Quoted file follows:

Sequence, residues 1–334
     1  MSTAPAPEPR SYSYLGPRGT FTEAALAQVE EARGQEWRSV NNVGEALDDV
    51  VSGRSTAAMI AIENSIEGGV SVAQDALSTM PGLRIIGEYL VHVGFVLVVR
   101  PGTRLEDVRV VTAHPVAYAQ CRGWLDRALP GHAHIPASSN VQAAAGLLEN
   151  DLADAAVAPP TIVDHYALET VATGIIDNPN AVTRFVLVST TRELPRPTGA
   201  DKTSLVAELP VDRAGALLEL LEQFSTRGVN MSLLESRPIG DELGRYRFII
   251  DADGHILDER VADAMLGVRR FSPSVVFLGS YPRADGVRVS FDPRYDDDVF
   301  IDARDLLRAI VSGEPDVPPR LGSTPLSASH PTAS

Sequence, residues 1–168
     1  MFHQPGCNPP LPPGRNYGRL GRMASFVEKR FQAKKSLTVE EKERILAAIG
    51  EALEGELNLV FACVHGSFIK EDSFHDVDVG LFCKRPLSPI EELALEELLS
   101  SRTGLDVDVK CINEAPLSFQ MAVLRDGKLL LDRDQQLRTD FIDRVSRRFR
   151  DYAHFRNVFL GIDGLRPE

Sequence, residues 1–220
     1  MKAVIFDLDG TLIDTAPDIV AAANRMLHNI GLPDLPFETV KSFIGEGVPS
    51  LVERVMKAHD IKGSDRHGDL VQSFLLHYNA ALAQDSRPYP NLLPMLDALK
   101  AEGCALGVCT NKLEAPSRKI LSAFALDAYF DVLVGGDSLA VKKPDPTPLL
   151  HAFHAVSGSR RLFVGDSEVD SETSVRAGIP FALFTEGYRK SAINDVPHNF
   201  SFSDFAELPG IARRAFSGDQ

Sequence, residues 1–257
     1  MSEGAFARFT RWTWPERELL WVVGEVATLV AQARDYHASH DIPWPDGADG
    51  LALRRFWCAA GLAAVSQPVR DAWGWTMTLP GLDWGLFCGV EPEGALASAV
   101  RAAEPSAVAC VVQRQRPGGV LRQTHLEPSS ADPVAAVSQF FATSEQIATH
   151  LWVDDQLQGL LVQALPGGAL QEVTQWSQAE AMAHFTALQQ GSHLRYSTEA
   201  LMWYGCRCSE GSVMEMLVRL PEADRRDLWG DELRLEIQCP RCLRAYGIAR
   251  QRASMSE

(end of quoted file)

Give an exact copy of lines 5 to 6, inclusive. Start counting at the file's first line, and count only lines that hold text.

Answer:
   151  DLADAAVAPP TIVDHYALET VATGIIDNPN AVTRFVLVST TRELPRPTGA
   201  DKTSLVAELP VDRAGALLEL LEQFSTRGVN MSLLESRPIG DELGRYRFII